Про Невский район
Так я думала, пока волею ипотеки меня не перенесло жить из Василеостровского района в Невский. Нет, Невский район - это не где Невский проспект. Это большая территория на юго-востоке города, разделенная еще в советские времена на условные микрорайоны - Уткина Заводь, Красный Октябрь, Щемиловка, Веселый Поселок. Именно в Веселом Поселке прошли следующие 5 лет жизни (хотя честно готовилась к Щемиловке).


Друзья и родные сразу начали пугать "Там одна гопота, ночью не ходи, после 6 вечера на улицу ни ногой, лучше старшего брата у себя посели". Да и сама я не была вдохновлена жизнью где-то кроме Васьки.


В первый же вечер решила протестировать, сколько из этого захолустья ехать до центра (ориентир - Галерея). Машины тогда не было, поэтому выбор пал на 191 автобус. Сюрприз - дорога заняла 20 минут ровно. Далее проходили тесты на метро, маршрутках, трамваях и машинах друзей - Веселый поселок все больше меня удивлял и радовал, поскольку дорога занимала не сильно больше времени, нежели чем я бы ехала с Васьки.


Главная проверка была работой. Тогда работала на Чернышевской (самый центр города), и думала, что уж тут точно В.О. выиграет у этой Радостной Деревни - из центра в центр ехать же близко. Не тут-то было! Время одинаковое. Вот тут уже призадумалась - а уверена ли я, что живу в захолустье?


Второй параметр, по которому Невский район выигрывал у В.О. - это магазины. Я так привыкла, что в твоем распоряжении только 1 Лента и Мега в часе езды. А тут - здрасьте приехали. Под домом целый оазис из магазинов, ТРК, фитнеса и остальных чудных мест, где можно тратить кровно заработанные деньги. Ну и до выше упомянутой Меги теперь добираюсь за 15 раз по 60 секунд.


They say, in the eighties, there was nothing. Everyone just existed: some romanticised the good old days, some did electronic music, but generally - everyone was bored. Britain was not so great.
Oh wait! There was a punk movement.
By the end of the decade it was pretty much done though. So now people had nothing in particular to believe in. They still had their DIY clothes and wild hairstyles, but no wave already.
And this is as fashionable as it gets for sport fans.
1991
Grunge comes to the UK
Nirvana makes their famous Top of the Pops appearance
Nirvana does Top of the Pops performance, where, not allowed to play live, they just show off all over the place. And as the UK youth saw this happening, they did not exactly fall in love with Grunge, but rather got the idea for their own attitude of the next decade. "The Scene That Celebrates Itself", as they call it, was finding its way.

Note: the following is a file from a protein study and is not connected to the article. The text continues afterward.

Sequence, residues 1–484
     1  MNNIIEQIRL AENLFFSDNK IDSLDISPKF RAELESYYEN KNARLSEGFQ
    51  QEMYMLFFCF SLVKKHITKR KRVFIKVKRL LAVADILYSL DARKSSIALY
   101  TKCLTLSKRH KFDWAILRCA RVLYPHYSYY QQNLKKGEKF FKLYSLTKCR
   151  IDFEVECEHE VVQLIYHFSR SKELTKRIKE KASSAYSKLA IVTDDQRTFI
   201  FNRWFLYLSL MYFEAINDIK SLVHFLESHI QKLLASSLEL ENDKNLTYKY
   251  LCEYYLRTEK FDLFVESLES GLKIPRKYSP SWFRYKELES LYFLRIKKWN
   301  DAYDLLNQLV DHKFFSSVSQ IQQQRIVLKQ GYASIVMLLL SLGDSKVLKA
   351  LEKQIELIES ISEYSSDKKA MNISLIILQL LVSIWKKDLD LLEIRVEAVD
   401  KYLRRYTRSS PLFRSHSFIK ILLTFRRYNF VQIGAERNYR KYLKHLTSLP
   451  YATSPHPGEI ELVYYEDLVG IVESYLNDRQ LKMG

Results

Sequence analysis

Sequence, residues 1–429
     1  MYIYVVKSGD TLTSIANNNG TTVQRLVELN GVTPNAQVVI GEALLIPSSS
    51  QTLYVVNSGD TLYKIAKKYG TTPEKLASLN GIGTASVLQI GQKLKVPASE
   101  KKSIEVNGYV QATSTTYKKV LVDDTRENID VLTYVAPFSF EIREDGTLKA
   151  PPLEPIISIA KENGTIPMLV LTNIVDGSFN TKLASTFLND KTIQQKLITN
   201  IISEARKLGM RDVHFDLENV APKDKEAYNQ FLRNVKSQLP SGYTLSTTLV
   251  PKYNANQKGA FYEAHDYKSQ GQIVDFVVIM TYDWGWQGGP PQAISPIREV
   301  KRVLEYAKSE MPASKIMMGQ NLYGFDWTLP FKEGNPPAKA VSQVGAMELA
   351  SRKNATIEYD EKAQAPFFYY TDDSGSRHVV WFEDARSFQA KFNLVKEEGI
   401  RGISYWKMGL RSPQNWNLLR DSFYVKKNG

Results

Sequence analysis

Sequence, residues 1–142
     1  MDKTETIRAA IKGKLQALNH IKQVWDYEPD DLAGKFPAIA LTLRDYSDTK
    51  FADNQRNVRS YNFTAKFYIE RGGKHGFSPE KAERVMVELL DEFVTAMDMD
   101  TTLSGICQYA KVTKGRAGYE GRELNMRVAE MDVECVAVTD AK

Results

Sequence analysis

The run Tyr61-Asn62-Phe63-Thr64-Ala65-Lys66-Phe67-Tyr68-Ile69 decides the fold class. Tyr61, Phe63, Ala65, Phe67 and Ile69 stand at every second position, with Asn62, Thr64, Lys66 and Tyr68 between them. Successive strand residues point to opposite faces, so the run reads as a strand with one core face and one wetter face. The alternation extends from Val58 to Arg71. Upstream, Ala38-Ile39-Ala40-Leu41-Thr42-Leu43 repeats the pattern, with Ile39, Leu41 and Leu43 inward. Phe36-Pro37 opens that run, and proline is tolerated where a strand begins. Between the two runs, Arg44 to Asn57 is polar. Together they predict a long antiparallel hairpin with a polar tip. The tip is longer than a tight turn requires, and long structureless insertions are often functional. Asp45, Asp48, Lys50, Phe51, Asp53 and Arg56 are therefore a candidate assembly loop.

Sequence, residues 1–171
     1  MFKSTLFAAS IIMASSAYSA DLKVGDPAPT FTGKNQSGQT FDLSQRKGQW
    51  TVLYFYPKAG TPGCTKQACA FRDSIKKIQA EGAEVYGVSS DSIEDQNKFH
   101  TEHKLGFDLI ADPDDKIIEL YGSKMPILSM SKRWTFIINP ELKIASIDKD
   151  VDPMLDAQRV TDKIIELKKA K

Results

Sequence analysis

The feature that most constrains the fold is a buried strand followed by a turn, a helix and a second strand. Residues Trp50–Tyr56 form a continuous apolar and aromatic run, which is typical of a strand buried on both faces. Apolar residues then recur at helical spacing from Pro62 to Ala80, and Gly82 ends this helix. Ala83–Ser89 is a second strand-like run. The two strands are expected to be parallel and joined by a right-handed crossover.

THE VISION ARRIVES

"Our current state sucks. Let's look for something interesting in the past. Let's pretend the past is still here."
1993
First Acknowledgement
Suede make it to the magazine cover
It was this issue of the Select magazine that stated that Britpop is a thing. It featured Suede, The Auteurs, Denim, Saint Etienne and Pulp. No Blur and no Oasis yet.
Suede were one of the first bands to establish themselves in this new genre. They set the guidelines for everyone to follow. As the journalist
John Harris wrote, "If Britpop started anywhere, it was the deluge of acclaim that greeted Suede's first records: all of them audacious, successful and very, very British"
1994
April 1994
Blur release their third studio album, Parklife
The singles include:

1. "Girls & Boys"
Released: 7 March 1994
2. "To the End"
Released: 30 May 1994
3. "Parklife"
Released: 22 August 1994
4. "End of a Century"
Released: 7 November 1994

"Blur went from being regarded as an alternative, left field arty band to this amazing new pop sensation"
— Graham Coxon, |Blur
August 1994
Oasis releases their debut album, Definitely Maybe
The singles include:

1. "Supersonic"
Released: 11 April 1994
2. "Shakermaker"
Released: 13 June 1994
3. "Live Forever"
Released: 8 August 1994
4. "Cigarettes & Alcohol"
Released: 10 October 1994
5. "Rock 'n' Roll Star"
Released: May 1995 (US radio single)
"We don't want to be an indie band from England who've had a couple of hits. We want to go on and be an important band and there's certain things you've got to do."
— Noel Gallagher, Oasis
1995
Young British Artists
Damien Hirst gets Turner prize for a divided cow
The similar go-get-'em moods dominate the art scene. Young British Artists, led by Damien Hirst, are making art as outrageous as possible. In 1995, Hirst himself gets the Turner Prize (the most prestigious prize in Fine Arts) for "Mother and Child (Divided)" - the installation consisting of a cow and a calf, divided in halves and put in tanks of formaldehyte.
Sarah Lucas' Self Portrait and "I'm Desperate" by Gillian Wearing

COMMON PEOPLE

1996
The anthem on air
She came from Greece, she had a thirst for knowledge
The song Common People released by Pulp in 1996 is voted a Britpop anthem. In a 2012 question and answer session on BBC Radio 5 Live Cocker said that he was having a conversation with the girl at the bar at [Central Saint Martins] college because he was attracted to her, although he found some aspects of her personality unpleasant. He remembered that at one point she had told him she "wanted to move to Hakney and live like 'the common people'"
Written by Natasha Savicheva
All rights for images and videos belong to their authors.
Further materials
Film
Live Forever - The Rise and Fall of Brit Pop
Hilarous documentary about the Britpop music scene in the Nineties, featuring all the main bands of the scene exposing the truth behind the myths.
Interview
Oasis from the archives: Noel in 1994
Just before the release of Definitely Maybe, Caspar Llewellyn Smith caught up with Noel Gallagher to find out about scraps with Liam, spats with Suede and why people would still be listening to his band's debut album in 20 years' time.
Website
Britpop at the BBC: Class of '94
BBC celebrates the 20th anniversary of Britpop with series of special programs and features.